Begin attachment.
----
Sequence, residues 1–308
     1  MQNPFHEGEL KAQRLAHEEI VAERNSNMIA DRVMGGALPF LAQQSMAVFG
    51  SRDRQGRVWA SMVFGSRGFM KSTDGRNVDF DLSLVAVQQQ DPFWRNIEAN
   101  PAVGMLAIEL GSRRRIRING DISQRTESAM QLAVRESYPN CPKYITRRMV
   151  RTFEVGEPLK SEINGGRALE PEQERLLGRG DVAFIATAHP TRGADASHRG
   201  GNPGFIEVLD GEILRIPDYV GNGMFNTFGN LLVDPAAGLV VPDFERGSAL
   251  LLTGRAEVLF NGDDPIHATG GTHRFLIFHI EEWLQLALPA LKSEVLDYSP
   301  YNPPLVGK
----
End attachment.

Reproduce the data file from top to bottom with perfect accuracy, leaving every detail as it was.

Sequence, residues 1–308
     1  MQNPFHEGEL KAQRLAHEEI VAERNSNMIA DRVMGGALPF LAQQSMAVFG
    51  SRDRQGRVWA SMVFGSRGFM KSTDGRNVDF DLSLVAVQQQ DPFWRNIEAN
   101  PAVGMLAIEL GSRRRIRING DISQRTESAM QLAVRESYPN CPKYITRRMV
   151  RTFEVGEPLK SEINGGRALE PEQERLLGRG DVAFIATAHP TRGADASHRG
   201  GNPGFIEVLD GEILRIPDYV GNGMFNTFGN LLVDPAAGLV VPDFERGSAL
   251  LLTGRAEVLF NGDDPIHATG GTHRFLIFHI EEWLQLALPA LKSEVLDYSP
   301  YNPPLVGK